### Table 3. Bias and Monte Carlo variation in conventional PEA Parameterizations

1997

"... In PAGE 39: ....2.1. Conventional PEA Table3 provides information on the performance of conventional PEA in approximating the conditional expectation, exp [e(k, O)] , that is the focus of Marcet (1988) apos;s analysis. The results in Marcet and Marshall (1994) indicate that conventional PEA is arbitrarily accurate for sufficiently large M and N.... In PAGE 39: ... The question that interests us here is how well the algorithm works for the values of M and N used in practice. For the results in Table3 , we set M = 10,000. By way of comparison, to solve the growth model, den Haan and Marcet (1990) use M = 2,500, den Haan and Marcet (1994) use M = 29,000, and den Haan (1995) uses M = 25,000.... In PAGE 39: ...aphson method to solve a* - S(a*; N. M) = 0. When this method is successful at finding a solution, we found it does so more quickly than does the successive approximation method. The first three terms in each cluster of four numbers in Table3 provide information about bias. The unbracketed term is the value of the statistic, s, indicated in the first column implied by the dynamic programming solution.... In PAGE 40: ...The results in Panel A of Table3 pertain to various second moment properties of consump tion, investment, and output. Here, aj , j = y, c, i denote the standard deviation of gross output, consumption and gross investment, respectively, and p(y, j), j = c, i denote the correlation of gross output with consumption and gross investment, respectively.... In PAGE 40: ... Here, aj , j = y, c, i denote the standard deviation of gross output, consumption and gross investment, respectively, and p(y, j), j = c, i denote the correlation of gross output with consumption and gross investment, respectively. The results in Panel B of Table3 pertain to first and second moment properties of Tobin apos;s q and asset returns. The results in Panel A indicate that, at least for parameterizations (1)-(6), the conventional PEA performs reasonably well.... In PAGE 41: ...results are based on I = 50). These are reported in column 2 of Table 4 (column 1 simply reproduces the results from Table3 for convenience.) TO diagnose the reasons for the poor performance of conventional PEA for model (7), consider the results in Figure 4.... In PAGE 43: ...Approximating Marcet apos;s Conditional Expectat ion Function by PEA Collocation We applied PEA collocation to approximate e in all seven models, and obtained acceptable accuracy with N = M = 3 for models (1) to (6). By apos;acceptable apos;, we mean that all statistics analyzed in Table3 and 4 are within 10 percent of their exact values. We only study bias for this method, since Monte Carlo uncertainty is not applicable.... In PAGE 58: ...ith a value for a) to construct mz, ..., mso,ool in the manner described in step #l. These data were then used in the nonlinear regression specified in step #2. collocation N=3 N=5 (ii) The entries in the first column are reproduced from the last column in Table3 . There, I = 500, though 48 of these had to be discarded because capital converges to zero in simulation.... ..."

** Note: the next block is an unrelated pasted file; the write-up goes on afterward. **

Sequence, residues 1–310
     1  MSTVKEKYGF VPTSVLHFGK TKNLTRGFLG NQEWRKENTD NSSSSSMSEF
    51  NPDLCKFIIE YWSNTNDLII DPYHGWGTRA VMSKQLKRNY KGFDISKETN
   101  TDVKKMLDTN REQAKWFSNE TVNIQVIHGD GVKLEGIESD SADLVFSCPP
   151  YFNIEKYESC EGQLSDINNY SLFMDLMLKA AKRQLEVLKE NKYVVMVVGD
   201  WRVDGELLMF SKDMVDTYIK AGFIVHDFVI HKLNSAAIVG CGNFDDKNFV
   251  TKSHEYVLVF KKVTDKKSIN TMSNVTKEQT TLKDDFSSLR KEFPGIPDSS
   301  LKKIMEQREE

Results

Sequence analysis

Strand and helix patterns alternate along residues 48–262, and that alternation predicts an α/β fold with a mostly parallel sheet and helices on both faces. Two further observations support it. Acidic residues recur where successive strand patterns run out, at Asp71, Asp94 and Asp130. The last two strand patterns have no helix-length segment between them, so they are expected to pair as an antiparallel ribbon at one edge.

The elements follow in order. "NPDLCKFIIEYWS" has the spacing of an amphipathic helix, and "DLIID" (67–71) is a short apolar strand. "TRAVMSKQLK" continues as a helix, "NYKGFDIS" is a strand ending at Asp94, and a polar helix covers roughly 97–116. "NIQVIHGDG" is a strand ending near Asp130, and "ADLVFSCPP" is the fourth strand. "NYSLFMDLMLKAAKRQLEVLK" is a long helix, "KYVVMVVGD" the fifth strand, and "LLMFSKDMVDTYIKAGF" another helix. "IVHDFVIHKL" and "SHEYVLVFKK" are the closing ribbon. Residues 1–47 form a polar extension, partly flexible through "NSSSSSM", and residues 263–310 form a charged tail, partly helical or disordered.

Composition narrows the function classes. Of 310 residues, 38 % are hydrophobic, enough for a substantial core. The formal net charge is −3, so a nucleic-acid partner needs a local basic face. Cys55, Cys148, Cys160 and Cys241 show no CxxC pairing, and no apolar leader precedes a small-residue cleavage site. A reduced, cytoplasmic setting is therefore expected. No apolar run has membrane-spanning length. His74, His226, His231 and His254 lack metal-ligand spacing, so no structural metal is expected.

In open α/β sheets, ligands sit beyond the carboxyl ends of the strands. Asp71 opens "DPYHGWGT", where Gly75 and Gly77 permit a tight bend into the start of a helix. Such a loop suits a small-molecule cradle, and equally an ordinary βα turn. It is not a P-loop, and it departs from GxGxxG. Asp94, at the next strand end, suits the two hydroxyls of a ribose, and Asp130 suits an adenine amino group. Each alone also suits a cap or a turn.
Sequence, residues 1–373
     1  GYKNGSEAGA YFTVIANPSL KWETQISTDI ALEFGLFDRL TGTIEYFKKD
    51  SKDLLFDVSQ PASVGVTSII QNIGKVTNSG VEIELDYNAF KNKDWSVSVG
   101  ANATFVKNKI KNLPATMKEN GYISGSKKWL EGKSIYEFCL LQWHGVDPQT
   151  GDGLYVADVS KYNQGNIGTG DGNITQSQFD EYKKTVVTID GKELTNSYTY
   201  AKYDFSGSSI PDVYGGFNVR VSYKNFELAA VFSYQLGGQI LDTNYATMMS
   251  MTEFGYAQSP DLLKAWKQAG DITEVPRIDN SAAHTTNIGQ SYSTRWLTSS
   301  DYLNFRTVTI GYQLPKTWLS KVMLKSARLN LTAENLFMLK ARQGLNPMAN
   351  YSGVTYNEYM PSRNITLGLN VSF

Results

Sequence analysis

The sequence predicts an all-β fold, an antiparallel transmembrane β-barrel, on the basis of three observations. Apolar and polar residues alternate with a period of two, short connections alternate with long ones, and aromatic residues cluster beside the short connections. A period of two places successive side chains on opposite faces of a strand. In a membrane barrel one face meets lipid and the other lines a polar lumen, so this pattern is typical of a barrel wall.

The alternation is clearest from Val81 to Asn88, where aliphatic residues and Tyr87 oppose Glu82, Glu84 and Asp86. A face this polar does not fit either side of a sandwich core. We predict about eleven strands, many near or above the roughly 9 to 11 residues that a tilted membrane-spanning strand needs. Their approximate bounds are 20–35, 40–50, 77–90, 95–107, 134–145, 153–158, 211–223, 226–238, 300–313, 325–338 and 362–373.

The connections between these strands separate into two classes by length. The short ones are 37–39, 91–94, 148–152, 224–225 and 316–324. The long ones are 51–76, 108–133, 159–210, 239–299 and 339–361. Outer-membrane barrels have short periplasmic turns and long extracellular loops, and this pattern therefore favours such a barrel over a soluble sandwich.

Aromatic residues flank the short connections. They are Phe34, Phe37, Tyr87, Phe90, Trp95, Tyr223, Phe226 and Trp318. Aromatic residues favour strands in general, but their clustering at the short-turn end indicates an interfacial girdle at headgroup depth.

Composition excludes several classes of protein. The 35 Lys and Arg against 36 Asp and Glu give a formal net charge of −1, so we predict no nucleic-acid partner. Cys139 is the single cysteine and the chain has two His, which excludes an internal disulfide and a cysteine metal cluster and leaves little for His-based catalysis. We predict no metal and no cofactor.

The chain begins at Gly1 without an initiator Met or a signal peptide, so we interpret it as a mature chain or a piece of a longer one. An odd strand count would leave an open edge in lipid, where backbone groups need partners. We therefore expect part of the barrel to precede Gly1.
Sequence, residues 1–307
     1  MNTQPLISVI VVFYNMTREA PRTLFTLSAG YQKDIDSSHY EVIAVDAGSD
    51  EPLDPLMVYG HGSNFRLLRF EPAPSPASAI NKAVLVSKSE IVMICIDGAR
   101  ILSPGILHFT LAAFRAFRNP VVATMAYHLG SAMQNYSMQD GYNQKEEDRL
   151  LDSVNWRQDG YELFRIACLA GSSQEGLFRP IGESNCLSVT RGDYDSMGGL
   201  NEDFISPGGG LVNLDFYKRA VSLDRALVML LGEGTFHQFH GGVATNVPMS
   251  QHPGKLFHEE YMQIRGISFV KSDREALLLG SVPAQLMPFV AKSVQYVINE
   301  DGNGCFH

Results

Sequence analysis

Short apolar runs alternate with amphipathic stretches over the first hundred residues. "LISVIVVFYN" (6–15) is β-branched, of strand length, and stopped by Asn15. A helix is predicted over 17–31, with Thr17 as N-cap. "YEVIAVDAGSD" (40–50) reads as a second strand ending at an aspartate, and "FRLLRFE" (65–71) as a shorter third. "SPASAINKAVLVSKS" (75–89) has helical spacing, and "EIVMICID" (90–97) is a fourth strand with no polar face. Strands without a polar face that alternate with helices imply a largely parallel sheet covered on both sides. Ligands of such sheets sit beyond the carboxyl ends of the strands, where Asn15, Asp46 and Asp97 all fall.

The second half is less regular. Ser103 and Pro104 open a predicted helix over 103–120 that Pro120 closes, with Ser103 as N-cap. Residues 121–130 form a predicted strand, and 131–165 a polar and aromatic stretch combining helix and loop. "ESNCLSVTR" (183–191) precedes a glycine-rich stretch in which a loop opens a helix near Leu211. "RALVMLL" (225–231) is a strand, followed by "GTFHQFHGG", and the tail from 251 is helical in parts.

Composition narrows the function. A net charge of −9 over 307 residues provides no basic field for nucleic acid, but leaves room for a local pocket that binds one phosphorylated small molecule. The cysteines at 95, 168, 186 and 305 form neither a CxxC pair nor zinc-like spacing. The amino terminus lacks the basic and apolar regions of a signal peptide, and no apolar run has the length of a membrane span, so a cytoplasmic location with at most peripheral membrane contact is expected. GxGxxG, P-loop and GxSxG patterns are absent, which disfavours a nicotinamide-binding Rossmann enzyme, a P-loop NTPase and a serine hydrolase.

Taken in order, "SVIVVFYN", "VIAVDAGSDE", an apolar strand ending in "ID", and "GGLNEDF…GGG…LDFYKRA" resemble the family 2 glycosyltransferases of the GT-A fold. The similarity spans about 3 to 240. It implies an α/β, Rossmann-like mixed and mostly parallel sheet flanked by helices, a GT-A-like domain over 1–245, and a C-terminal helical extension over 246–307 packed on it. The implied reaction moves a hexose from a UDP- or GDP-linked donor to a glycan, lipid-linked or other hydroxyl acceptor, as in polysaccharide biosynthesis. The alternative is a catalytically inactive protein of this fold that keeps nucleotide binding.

### Table 2: Parameterization of k

1995

"... In PAGE 10: ... It was heartening to see that any possible size increase due to loss of precision was almost always overtaken by the reduction due to many-to-one object name mapping. Table2 summarizes our observations. Note that for deriv2, the size of alias solution and precision of function resolution su ered for a lower k.... ..."

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### Table 1: Parameterized vertices